Tag Archives: Wednesday writing

Wednesday Writing – ‘Credit Due’

Image: ngccoin.com

Image: ngccoin.com

Credit Due

It was the hottest day so far that summer, and Mama needed sugar.

‘Go on down to the store,’ she told me, squinting out the window. ‘Ask old man Bailey to let you have it on credit. You hear?’

‘Yes, ma’am,’ I said.

‘That’s my baby,’ she said, turning to face me, blinking the dusty path outside from her eyes. ‘Mama’ll make some lemonade, when you get home. Don’t hurry, now. I think I’ll go take me a nap.’

‘Yes, ma’am,’ I said, already running for the door.

‘Walk!’ yelled Mama as I thumped my way out into the day, the sun like the warm hand of God on my skin. ‘Ladies walk, Ella-Marie!’

Ain’t a lady yet, I thought as I skipped away from the house, my toes like bruised earthworms against the yellowish soil. My knees winked out at me from underneath my hem. I put my face to the sky and dipped my nose right into it, my mind already swirling as I thought about the Coca-Cola girl hanging over the register down at Bailey’s General Store, and how her white dress shone like an angel, and her skin looked like it tasted of ice-cream…

‘Well, hey there, Ella-Marie,’ came a voice, and my eyes popped open. I screwed them up against the sunshine, feeling like my air had turned to dirt. ‘How you doin’ today?’

‘Hey, Mister Hadley,’ I said, my pulse rusty in the back of my throat.

‘Your Mama at home?’ Mister Hadley smiled at me, his skin all nasty, looking like sour milk with flyblown strawberry preserve smeared on top. He clutched his hat in his pink-scrubbed hands, his knuckles like rotten teeth and his suit just patched enough to still be respectable. I chewed the inside of my mouth.

‘Yessir,’ I muttered.

‘Well, ain’t that fine,’ he said. His smile, like a dog dead in a gutter, didn’t move a muscle as he reached those pale fingers into his pocket. He took them out and there was a nickel entwined in them like a trapped bird, and he stretched them out to me like I had the key to its freedom.

‘Well, go on,’ he said, laughing. ‘Take it. Get yourself somethin’ nice.’

I reached for the coin, my own dark fingers hot and suddenly sweaty and covered in filth and his cool now, like iron, like ice. My own dirty and shameful and his strong and steady.

I snatched my hand back.

His smile sang a wrong note then, and his face fell apart. He frowned, and threw the nickel in the dirt.

‘Git, then,’ he said. ‘Go on! I got business to discuss with your Mama, so don’t you go disturbin’ us, now. Y’hear me?’

I had long left him behind before I remembered: Mama’s sleepin’. She said she was sleepin’! And my ears started burning with embarrassment not my own, imagining Mama disheveled, surprised, ashamed.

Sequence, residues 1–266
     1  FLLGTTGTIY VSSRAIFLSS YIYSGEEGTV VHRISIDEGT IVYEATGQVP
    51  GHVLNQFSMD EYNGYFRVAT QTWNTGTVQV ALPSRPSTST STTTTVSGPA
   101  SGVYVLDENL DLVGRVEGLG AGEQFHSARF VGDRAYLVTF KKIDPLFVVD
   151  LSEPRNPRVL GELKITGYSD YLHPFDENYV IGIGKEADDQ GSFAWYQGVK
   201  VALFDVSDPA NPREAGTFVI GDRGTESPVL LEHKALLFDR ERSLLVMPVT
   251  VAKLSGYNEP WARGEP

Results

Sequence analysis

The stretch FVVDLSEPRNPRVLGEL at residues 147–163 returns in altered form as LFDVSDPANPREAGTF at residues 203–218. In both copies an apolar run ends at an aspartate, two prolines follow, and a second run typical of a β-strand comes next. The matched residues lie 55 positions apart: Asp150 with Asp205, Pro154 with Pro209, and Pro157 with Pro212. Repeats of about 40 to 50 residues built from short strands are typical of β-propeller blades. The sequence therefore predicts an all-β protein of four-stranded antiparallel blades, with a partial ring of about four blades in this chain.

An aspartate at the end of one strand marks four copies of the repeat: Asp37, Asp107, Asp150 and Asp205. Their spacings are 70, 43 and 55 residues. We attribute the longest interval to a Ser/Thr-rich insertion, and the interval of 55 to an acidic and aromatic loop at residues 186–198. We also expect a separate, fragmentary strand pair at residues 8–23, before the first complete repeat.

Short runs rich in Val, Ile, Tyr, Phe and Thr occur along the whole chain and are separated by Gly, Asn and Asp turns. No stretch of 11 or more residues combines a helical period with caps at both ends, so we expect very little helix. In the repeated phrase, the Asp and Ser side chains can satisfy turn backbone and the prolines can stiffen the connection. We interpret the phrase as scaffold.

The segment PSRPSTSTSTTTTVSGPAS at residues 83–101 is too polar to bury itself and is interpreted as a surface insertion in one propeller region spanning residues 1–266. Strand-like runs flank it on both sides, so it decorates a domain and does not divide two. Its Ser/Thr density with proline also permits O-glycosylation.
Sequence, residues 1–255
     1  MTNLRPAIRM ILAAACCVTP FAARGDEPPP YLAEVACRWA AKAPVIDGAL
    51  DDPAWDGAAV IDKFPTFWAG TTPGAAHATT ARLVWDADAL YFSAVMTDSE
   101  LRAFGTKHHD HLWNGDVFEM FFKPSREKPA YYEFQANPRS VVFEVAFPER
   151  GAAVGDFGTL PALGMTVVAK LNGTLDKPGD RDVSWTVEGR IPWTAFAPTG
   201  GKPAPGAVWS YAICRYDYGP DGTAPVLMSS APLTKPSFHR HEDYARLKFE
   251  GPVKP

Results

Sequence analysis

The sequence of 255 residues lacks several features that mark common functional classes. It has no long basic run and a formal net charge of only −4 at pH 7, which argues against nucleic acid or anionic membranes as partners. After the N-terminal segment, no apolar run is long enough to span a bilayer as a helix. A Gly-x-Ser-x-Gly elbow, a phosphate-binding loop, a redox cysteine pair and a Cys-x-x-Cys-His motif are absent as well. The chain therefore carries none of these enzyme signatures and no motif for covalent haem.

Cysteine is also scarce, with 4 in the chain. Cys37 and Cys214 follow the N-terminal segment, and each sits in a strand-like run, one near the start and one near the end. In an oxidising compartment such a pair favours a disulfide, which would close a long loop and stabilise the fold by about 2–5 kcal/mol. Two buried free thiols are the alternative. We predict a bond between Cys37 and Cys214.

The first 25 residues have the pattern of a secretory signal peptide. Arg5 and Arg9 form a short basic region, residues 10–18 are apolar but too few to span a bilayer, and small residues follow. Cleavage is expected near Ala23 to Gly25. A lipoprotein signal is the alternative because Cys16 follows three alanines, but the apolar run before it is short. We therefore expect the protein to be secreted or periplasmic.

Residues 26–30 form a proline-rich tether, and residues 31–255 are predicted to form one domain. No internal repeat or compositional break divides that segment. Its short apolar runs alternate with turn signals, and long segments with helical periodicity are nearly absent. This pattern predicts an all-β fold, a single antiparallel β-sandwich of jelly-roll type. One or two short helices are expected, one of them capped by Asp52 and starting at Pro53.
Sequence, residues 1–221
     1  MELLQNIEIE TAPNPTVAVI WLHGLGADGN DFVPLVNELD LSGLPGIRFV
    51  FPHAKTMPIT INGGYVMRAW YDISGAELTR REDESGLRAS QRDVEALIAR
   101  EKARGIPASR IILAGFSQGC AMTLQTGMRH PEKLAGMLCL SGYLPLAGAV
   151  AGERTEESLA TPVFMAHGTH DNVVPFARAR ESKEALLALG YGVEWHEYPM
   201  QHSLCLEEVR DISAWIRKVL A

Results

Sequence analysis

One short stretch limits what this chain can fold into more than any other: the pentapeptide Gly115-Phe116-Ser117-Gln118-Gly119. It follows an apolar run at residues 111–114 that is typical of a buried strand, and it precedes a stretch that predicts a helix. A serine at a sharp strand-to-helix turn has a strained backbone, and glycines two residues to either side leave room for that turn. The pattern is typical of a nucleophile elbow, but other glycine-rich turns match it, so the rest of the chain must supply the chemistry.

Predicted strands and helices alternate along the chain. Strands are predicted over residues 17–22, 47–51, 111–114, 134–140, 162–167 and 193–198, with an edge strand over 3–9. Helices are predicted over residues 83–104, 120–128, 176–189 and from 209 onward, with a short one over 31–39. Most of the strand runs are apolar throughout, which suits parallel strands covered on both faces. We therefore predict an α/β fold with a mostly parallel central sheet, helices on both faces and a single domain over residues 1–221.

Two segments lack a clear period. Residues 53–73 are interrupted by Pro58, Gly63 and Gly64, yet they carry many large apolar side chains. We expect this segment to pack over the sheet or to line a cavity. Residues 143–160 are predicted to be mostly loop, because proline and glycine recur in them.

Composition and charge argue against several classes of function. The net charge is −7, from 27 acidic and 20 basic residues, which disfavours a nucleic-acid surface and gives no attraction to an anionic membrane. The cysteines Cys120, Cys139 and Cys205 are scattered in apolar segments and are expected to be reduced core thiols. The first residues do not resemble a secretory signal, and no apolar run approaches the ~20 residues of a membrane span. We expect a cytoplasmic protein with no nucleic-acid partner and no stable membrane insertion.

But I did not go back.

Old man Bailey looked at me over his spectacles as he wrote the value of the sugar in his book. The store was empty but for us two, and the air tasted like sweat.

‘You tell your Mama to come in and settle up, Ella-Marie, just as soon as she can. I ain’t got endless reserves of credit. Times are hard for everyone, not jus’ you colored folk.’

‘Yessir,’ I said, my arms already aching.

‘Get on home, now, child,’ he said. ‘And be sure to give your Mama my regards.’

‘Yessir,’ I said, the sack of sugar like a kicking piglet.

I scuffed my feet as I walked, trailing my toes in the dust and shifting the sugar from arm to arm. My fingers slipped around it, like a tongue struggling with an unfamiliar word, and my shoulders wailed like I was being nailed to the cross. Sweat trickled down my back.

I came upon Mister Hadley’s nickel eventually. It glinted in the sunlight like the eye of a buried monster, waiting. I slid the sack of sugar to the ground and propped it against my shaking, sticky leg as I bent to pick the coin up out of the dirt. I turned it over and over, buffalo-face-buffalo-face, wondering what Mama’d say when she saw it.

And eventually I hoisted up the sugar again, and I kept walking.

‘Mama?’ I called, as the screen-door thunked shut. My brown feet slapped on the browner boards as I crossed the neat parlor, Daddy’s rifle still in one corner even though the man himself was just a memory, just a word. ‘Mama?’ The door to her room was thrown wide, and I remembered – again – that she was sleeping, and a rush of sour shame washed all through me. I tiptoed to the kitchen and shouldered the sack up onto the table, and took a breath. My throat felt raw.

And the door to the back was standing open.